What do diet food and brilliant babies have in common? Or more accurately, what do a recent study finding that people who eat diet food are more likely to become (not just be) overweight and another recent study which finds that letting your very young children was the Baby Einstein and other such “intelligent children” video programs diminishes their vocabulary development have in common?
The two studies are the latest in what I like to call “why is everyone worrying” section of life. The first study regarding fat kids found that it is likely that the nutritional deficits of “diet food” cause the body to not recognize high-calorie food when it is ingested and therefor the person is prone to eating significantly more than they need. I would add that eating diet food also makes it easier to eat more, assuming that because it is diet it is better, therefore getting the body accustomed to more food than it actually needs. Diet food, when used as a replacement for a “regular” item in conjunction with self-control and basic common sense can indeed be part of a healthy lifestyle. But so can regular food. The Subway spokesman who famously lost significant weight while eating their sandwiches really only regained self-control, taking smaller bites, chewing more slowly, eating more slowly, recognizing when he is full, recognizing when he is actually hungry, being satisfied with reasonable portions, etc. These are tips that can bring any appetite into control and any body into a healthy weight.
Next we have babies whose parents have stuck them, for the few hours they see them at home, in front of a TV to be faced with images of objects and colors and music of Mozart, in hope that these miracle DVD’s will insure their child’s future brilliance. Apparently these children, compared with children whose parents spend time talking with and around them, suffered a significantly reduced vocabulary. Vocabulary is a primary tool the child uses to understand the world around it, without vocabulary the child cannot grasp concrete concepts and has difficulties communicating those concepts to it’s surroundings. Turns out that the best thing a parent can do for a very young child is to spend time with them, communicating, even if only in “parentese” as one of the articles defines the sing-song way parents often talk to their parents.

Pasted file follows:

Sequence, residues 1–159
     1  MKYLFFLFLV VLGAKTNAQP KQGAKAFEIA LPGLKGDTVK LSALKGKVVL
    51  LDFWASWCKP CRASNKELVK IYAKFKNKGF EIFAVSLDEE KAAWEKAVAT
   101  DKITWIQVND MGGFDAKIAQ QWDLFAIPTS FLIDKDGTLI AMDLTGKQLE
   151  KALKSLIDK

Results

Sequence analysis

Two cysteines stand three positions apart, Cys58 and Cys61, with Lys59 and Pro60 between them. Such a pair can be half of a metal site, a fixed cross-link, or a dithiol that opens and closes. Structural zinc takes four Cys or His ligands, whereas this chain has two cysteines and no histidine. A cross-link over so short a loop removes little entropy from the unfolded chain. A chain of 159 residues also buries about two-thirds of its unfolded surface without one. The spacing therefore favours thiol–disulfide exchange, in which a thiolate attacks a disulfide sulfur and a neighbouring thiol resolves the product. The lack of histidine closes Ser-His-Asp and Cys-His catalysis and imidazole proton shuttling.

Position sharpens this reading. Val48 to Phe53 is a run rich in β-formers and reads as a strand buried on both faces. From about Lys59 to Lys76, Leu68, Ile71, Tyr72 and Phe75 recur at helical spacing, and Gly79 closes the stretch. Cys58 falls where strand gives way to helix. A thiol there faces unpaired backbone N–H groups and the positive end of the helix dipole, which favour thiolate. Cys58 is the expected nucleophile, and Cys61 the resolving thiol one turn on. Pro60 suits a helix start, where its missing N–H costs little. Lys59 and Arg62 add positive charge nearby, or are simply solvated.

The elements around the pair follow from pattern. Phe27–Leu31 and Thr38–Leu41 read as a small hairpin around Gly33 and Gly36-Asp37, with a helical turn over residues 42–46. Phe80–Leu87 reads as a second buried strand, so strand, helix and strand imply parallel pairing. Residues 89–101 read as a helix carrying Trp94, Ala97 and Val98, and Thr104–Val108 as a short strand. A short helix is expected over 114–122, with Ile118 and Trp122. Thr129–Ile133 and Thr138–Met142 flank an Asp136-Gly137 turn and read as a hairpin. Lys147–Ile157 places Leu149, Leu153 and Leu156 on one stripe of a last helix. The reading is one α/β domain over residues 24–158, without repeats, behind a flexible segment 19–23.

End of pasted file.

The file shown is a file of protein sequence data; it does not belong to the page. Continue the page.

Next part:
So what do these two findings have to do with each other? No it’s not the children. It’s personal responsibility. We want to have something we can just plug in, some philosophy we can subscribe to that fixes our problems and allays our fears. We want the baby to be smart without working really hard. We see a DVD that says it’ll make our babies smart, proven. We buy it and we’re happy. We want to eat without guilt, we want to be thin without trying hard, without changing ourselves. We are constantly searching for the silver bullet that will make our problems go away without effort on our part.
This is part of the reason for our consumer culture: we’d rather buy a solution than build one.
This is part of the reason for the success of the lottery: we’d rather bet that someday our luck will turn and we’ll be set for life without having to scrimp and save and not buy every last thing that catches out fancy.
The list of societal ills that can be directly, primarily, and even just significantly linked to our aversion to personal responsibility is long. Instead of drinking diet soda and eating diet food, lets start exercising and working out and eating less. Instead of wanting out children to be smart, lets start investing in them and feeding into their small minds such tools as they can use to tackle the world they inhabit and will inherit. DVDs of pictures and colors and music are not Mom and Dad. I do not doubt that classical music of such complexity is vastly superior to a persons’ development than some of the garbage which passes for art in our poor modern time, but it is not magic wand of brains, filling out child with calculus and verbiage, no that is left to you.
So take control, you can make change. You alone are capable, you alone are responsible.